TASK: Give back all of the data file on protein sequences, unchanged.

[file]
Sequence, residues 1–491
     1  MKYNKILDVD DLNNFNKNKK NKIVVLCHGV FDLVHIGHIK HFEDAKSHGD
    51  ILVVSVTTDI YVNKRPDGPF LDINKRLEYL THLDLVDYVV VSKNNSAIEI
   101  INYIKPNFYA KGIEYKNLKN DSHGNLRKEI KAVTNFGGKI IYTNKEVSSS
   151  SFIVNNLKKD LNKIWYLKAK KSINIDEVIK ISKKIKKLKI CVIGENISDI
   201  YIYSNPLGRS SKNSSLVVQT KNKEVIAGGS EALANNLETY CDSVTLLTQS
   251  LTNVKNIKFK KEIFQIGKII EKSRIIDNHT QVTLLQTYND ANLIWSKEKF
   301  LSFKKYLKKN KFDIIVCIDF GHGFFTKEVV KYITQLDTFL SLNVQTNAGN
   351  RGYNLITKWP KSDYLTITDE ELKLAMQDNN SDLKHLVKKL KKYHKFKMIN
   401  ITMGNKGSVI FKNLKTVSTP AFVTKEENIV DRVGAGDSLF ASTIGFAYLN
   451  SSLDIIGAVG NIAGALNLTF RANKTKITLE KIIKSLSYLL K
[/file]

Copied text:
Sequence, residues 1–491
     1  MKYNKILDVD DLNNFNKNKK NKIVVLCHGV FDLVHIGHIK HFEDAKSHGD
    51  ILVVSVTTDI YVNKRPDGPF LDINKRLEYL THLDLVDYVV VSKNNSAIEI
   101  INYIKPNFYA KGIEYKNLKN DSHGNLRKEI KAVTNFGGKI IYTNKEVSSS
   151  SFIVNNLKKD LNKIWYLKAK KSINIDEVIK ISKKIKKLKI CVIGENISDI
   201  YIYSNPLGRS SKNSSLVVQT KNKEVIAGGS EALANNLETY CDSVTLLTQS
   251  LTNVKNIKFK KEIFQIGKII EKSRIIDNHT QVTLLQTYND ANLIWSKEKF
   301  LSFKKYLKKN KFDIIVCIDF GHGFFTKEVV KYITQLDTFL SLNVQTNAGN
   351  RGYNLITKWP KSDYLTITDE ELKLAMQDNN SDLKHLVKKL KKYHKFKMIN
   401  ITMGNKGSVI FKNLKTVSTP AFVTKEENIV DRVGAGDSLF ASTIGFAYLN
   451  SSLDIIGAVG NIAGALNLTF RANKTKITLE KIIKSLSYLL K